WESLACO — Rio Grande Valley officials yesterday buried decades of political infighting and geographical jealousies by signing a historic accord to create a single metropolitan planning organization stretching from Brownsville to Sullivan City.
The pact will create a single MPO — the organizations which determine local highway priorities and allocate state and federal funds — out of three smaller transportation agencies in Brownsville, Harlingen-San Benito and Hidalgo County.
“A lot of people thought this would never be possible in the Valley,” said Cameron County Judge Eddie Trevino Jr. “That we would never put differences aside in order to benefit the entire community … I know that we’re doing the right thing for the Valley, and I’m proud to be part of it.”
The long-sought merger of the three Valley MPOs opens up vast new funding opportunities as befits what will eventually become the state’s fifth-largest MPO, joining Dallas-Fort Worth, Austin, Houston and the San Antonio-area agencies which together consume 80 percent of state highway monies.
“We realize that our Valley is growing, we realize that we all have to be treated equally, we realize that we’re all part of one family,” said Brownsville Mayor Tony Martinez, a family which is also “learning how to respect and honor each others’ wishes and compromising and coming to what we decided was in the best interest of all of you in the Rio Grande Valley.”
Harlingen Mayor Chris Boswell, who worked on the merger issue for the past four years, said he was heartened by the cooperation shown by all participants during the process.
“I do want to congratulate everybody in the room who worked so hard for such a long time to make this a reality for us in the region,” he said. “It’s been a great thing to really finally work together on a regional project, a true regional project, and come together in a spirit of cooperation and regionalism. It’s going to be a great thing for our valley as we move forward.”
The historic signing at the Lower Rio Grande Development Council offices will be followed by a more formal signing ceremony on the re-designation agreement with TxDOT commissioners today in Austin. Following that, the accord must be approved by Gov. Greg Abbott, whose support of the merger is expected to be quickly forthcoming.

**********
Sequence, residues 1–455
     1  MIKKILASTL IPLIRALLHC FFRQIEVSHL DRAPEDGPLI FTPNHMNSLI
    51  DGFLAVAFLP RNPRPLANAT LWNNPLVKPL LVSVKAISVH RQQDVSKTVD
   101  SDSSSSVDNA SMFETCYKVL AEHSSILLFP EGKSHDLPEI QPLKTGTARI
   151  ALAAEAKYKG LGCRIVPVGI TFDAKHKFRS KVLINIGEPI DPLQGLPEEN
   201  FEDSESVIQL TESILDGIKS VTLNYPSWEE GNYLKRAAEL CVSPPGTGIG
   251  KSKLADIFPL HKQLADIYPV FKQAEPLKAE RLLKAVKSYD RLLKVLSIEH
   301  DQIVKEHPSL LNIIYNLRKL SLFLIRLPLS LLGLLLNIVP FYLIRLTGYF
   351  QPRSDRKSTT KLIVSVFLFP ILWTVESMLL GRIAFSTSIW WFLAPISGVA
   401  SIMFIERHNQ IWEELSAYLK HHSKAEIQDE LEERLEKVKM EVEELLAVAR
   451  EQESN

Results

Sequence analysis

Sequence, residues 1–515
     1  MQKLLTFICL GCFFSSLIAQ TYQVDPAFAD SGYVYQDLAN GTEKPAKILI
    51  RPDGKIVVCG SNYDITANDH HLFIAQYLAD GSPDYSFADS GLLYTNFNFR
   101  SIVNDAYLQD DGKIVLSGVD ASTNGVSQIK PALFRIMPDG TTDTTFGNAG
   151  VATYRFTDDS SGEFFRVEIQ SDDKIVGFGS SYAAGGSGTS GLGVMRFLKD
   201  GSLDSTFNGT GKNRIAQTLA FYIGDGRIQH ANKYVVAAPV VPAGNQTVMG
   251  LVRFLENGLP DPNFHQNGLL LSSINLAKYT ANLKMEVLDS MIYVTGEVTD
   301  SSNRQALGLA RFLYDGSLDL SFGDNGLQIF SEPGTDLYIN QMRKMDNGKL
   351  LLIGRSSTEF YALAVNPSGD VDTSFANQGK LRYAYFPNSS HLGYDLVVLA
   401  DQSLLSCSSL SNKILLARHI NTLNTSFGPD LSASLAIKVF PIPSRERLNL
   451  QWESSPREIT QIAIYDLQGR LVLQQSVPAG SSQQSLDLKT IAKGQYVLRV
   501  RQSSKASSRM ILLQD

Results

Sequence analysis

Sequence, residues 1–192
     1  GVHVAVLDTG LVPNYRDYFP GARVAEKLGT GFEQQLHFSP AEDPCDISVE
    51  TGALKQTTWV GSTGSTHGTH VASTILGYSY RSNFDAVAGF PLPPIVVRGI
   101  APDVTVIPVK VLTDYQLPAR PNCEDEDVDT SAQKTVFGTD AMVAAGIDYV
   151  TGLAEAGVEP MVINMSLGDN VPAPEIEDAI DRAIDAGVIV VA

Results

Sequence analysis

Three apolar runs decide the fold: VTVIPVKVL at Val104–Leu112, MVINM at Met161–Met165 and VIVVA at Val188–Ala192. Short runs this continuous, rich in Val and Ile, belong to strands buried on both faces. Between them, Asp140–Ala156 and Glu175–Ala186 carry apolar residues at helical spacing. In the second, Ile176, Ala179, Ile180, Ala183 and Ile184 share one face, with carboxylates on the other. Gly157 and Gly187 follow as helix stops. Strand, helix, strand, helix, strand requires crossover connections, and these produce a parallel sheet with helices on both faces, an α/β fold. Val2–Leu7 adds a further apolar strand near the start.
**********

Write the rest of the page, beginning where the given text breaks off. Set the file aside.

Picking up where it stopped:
“I think to me it’s a very special moment because this document really is built on trust,” said McAllen Mayor Jim Darling. “We had to give up some autonomy, and that’s very tough to do. It’s probably the biggest hold-back in the Valley … so this is built on trust between all of us, a trust in the future and a trust in the great things that can happen in the Rio Grande Valley if we all agree to work together.”
New funding avenues
The re-designation of the three Valley MPOs into a still as-yet unnamed agency will make it the fifth-largest in the state. An MPO region is required to have 1 million population or more to qualify as a mega-MPO, which the Valley’s 1.3 million population surpasses.
The Valley’s three MPOs currently receive 4 percent of TxDOT Category 2 and 7 funds — $510 million over 10 years. By merging into a single MPO, the region would receive 5 percent of Category 2 and 7 funds — $620 million over 10 years.
Of the Category 2 and Category 7 funds available for interstate maintenance and state highway preventive maintenance, 80 percent of $12.3 billion over 10 years has gone to the Big 4 MPOs. Rural MPOs, the pool in which Brownsville, Harlingen-San Benito and Hidalgo County were in, would split just $2.5 billion, or 20 percent.
But perhaps most importantly, there is a huge pool of money in Category 12, which is designated for strategic priority spending on highways. Some $1 billion a year in Category 12 is discretionary spending by TxDOT commissioners and the big MPOs get practically all of it.
Just how soon the Valley can capitalize on joining the Big 4 MPOs in the state is yet to be determined.
Valley and TxDOT officials believe by the time the new MPO becomes organized and hires staff, the possibility of additional funds over what is already allocated to the three MPOs for 2019 is remote.
Instead, they say, the real impact of a Valley-wide MPO will be seen in the 2020 highway funding cycle, when the new agency will be fully involved and up to speed.
To the governor
“Technically, the governor still has to approve it, and I’m sure that will happen quickly,” Boswell said. “But whether that will be tomorrow or next week, I don’t know. There are still lots of little details that need to be worked out.”
Boswell said discussions have been held to organize a meeting on the new MPO within a couple of weeks to talk over some of the details involved in the agency’s birth. The re-designation agreement makes the Lower Rio Grande Valley Development Council, located in Weslaco, the fiscal agent for the new MPO.
But whether any additional highway funds will be available this year to a reconstituted mega-MPO will be up to the TxDOT commission, he said.
“TxDOT is already working on the plan, their version of the TIP (Transportation Improvement Program), so in all likelihood in the formal kind of a process, probably we wouldn’t see anything until the following year,” the Harlingen mayor said.
“However, there is a chance, and some people really think that there is a chance, that the TxDOT commission could do something out of the discretionary funds sooner than the following cycle.”
Top 5 Texas MPOs:
Alamo Area (San Antonio)
Rio Grande Valley (pending)